California, like Canada, despises standard capacity firearm magazines and defines any magazine capable of holding more than 10 rounds as over capacity or large capacity.
California, unlike Canada, must abide by this pesky little thing called the Second Amendment of the United States Constitution, which states:
A well regulated Militia, being necessary to the security of a free State, the right of the people to keep and bear Arms, shall not be infringed.
On November 8, 2016, California voters passed Proposition 63, the Background Checks for Ammunition Purchases and Large-Capacity Ammunition Magazine Ban Initiative which, among other things, banned all firearm magazines capable of holding more than 10 rounds of ammunition.
Two days before the ban was to take effect, Judge Roger Benitez ordered the injunction because Proposition 63’s magazine ban “burdens the core of the Second Amendment by criminalizing the mere possession of these magazines that are commonly held by law-abiding citizens for defense of self, home, and state.”
On July 1, 2017, any previously law-abiding person in California who still possesses a firearm magazine capable of holding more than 10 rounds will begin their new life of crime. With this change, § 32310(c) requires persons who lawfully possess these magazines today to dispossess them or face criminal penalties of up to one year in a county jail and a fine of $100 per magazine, or both.
Magazines holding more than 10 rounds are “arms.” California Penal Code Section 32310, as amended by Proposition 63, burdens the core of the Second Amendment by criminalizing the mere possession of these magazines that are commonly held by law-abiding citizens for defense of self, home, and state.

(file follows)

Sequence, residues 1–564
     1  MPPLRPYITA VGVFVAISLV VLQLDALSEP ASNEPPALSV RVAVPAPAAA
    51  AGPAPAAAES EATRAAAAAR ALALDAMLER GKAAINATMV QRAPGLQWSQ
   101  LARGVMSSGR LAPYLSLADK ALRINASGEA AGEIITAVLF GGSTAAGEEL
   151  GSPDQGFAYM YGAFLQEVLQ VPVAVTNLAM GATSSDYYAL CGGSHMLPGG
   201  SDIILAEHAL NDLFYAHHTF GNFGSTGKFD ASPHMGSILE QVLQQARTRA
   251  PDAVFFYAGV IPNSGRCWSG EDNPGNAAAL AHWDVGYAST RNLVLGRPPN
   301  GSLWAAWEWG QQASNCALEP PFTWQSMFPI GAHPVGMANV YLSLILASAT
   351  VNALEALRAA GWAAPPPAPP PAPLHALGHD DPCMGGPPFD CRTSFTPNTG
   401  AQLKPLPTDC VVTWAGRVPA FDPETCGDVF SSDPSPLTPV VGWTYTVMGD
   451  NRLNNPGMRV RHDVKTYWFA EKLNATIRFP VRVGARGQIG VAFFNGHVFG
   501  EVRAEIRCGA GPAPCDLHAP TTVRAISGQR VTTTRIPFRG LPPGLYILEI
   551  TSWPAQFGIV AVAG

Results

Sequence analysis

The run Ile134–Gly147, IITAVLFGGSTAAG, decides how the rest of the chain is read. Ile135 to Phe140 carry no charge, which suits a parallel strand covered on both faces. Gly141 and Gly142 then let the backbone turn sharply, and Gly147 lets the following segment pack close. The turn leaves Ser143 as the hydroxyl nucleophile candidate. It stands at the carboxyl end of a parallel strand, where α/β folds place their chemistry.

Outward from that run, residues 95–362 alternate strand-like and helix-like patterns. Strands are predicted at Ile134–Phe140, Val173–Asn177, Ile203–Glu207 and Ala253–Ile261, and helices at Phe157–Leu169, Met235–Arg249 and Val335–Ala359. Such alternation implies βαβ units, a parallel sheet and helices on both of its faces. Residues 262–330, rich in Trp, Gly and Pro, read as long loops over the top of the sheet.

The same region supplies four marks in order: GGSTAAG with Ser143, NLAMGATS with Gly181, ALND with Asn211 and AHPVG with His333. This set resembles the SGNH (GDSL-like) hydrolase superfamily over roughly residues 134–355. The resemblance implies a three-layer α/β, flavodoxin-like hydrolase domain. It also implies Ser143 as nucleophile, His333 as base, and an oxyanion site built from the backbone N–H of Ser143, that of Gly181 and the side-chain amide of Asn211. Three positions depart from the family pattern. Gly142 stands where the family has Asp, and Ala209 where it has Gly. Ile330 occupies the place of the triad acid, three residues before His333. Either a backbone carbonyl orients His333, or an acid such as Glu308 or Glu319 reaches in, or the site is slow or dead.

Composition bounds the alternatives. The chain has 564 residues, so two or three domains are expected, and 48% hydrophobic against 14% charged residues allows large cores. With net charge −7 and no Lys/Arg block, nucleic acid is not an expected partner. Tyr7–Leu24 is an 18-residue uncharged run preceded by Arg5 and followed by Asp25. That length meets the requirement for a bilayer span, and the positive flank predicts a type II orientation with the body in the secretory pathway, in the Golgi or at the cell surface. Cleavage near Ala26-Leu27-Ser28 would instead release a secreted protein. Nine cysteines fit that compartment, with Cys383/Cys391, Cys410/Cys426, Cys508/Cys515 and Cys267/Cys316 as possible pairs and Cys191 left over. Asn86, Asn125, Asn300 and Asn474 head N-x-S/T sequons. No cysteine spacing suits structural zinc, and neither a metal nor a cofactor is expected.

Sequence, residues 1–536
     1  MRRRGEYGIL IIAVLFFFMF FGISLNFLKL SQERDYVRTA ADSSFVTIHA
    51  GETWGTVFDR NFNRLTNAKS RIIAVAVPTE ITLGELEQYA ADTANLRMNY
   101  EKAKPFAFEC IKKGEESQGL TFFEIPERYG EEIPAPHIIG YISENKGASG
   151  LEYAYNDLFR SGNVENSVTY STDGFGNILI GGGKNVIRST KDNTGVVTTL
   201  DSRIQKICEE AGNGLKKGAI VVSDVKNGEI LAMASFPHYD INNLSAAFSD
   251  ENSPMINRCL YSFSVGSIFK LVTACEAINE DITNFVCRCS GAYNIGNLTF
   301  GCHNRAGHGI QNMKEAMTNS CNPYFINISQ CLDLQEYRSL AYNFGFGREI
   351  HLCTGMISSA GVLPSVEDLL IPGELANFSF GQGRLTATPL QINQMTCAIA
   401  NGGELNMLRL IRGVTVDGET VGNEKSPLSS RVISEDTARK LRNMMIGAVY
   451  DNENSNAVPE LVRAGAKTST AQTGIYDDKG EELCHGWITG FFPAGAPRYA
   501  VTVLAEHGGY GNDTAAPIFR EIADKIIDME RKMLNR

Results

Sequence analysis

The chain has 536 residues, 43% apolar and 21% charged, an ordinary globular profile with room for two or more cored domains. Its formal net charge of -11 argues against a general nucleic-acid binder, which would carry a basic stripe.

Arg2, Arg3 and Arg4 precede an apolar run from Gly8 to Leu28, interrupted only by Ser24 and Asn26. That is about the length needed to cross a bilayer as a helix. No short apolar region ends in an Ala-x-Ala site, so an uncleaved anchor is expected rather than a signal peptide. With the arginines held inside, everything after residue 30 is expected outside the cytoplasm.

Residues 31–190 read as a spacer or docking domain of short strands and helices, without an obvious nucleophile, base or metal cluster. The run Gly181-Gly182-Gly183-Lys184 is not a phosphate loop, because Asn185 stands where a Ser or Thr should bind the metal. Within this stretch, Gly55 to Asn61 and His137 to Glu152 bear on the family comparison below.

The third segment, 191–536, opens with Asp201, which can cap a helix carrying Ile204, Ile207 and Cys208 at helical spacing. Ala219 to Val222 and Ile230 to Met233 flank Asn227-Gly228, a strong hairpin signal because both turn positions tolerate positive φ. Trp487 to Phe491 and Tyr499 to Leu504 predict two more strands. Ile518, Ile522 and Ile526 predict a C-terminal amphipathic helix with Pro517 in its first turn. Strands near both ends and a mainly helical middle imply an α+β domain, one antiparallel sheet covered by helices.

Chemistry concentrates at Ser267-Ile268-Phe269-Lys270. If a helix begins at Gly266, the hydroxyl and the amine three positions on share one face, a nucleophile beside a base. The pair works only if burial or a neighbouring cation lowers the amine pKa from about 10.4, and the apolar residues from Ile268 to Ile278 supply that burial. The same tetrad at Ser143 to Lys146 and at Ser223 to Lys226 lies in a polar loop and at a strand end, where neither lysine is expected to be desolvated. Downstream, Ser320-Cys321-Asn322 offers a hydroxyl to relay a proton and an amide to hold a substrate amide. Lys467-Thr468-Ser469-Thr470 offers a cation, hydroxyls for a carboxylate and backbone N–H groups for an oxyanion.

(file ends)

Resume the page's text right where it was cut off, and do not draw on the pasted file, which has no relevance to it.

The regulation is neither presumptively legal nor longstanding. The statute hits close to the core of the Second Amendment and is more than a slight burden. When the simple test of Heller is applied, a test that persons of common intelligence can understand, the statute is adjudged an unconstitutional abridgment.
On August 14, 2020, California lost its appeal of Judge Roger Benitez’ injunction.
The United States Court of Appeals for the Ninth Circuit, in their 81-page decision, ruled:
- First, the panel held that firearm magazines are protected arms under the Second Amendment.
- Second, the panel held that LCMs [large capacity magazines] are commonly owned and typically used for lawful purposes, and are not “unusual arms” that would fall outside the scope of the Second Amendment.
- Third, the panel held that LCM prohibitions are not longstanding regulations and do not enjoy a presumption of lawfulness.
- Fourth, the panel held that there was no persuasive historical evidence in the record showing LCM possession fell outside the ambit of Second Amendment protection.
From the decision:
In the wake of heart-wrenching and highly publicized mass shootings, the state of California barred its citizens from owning so-called “large capacity magazines” (LCMs) that hold more than ten rounds of ammunition. But even well-intentioned laws must pass constitutional muster.
California’s near-categorical ban of LCMs strikes at the core of the Second Amendment — the right to armed self-defense.
Armed self-defense is a fundamental right rooted in tradition and the text of the Second Amendment. Indeed, from pre-colonial times to today’s post-modern era, the right to defend hearth and home has remained paramount.
California’s law imposes a substantial burden on this right to self-defense. The ban makes it criminal for Californians to own magazines that come standard in Glocks, Berettas, and other handguns that are staples of selfdefense.
Its scope is so sweeping that half of all magazines in America are now unlawful to own in California. Even law-abiding citizens, regardless of their training and track record, must alter or turn over to the state any LCMs that they may have legally owned for years — or face up to a year in jail.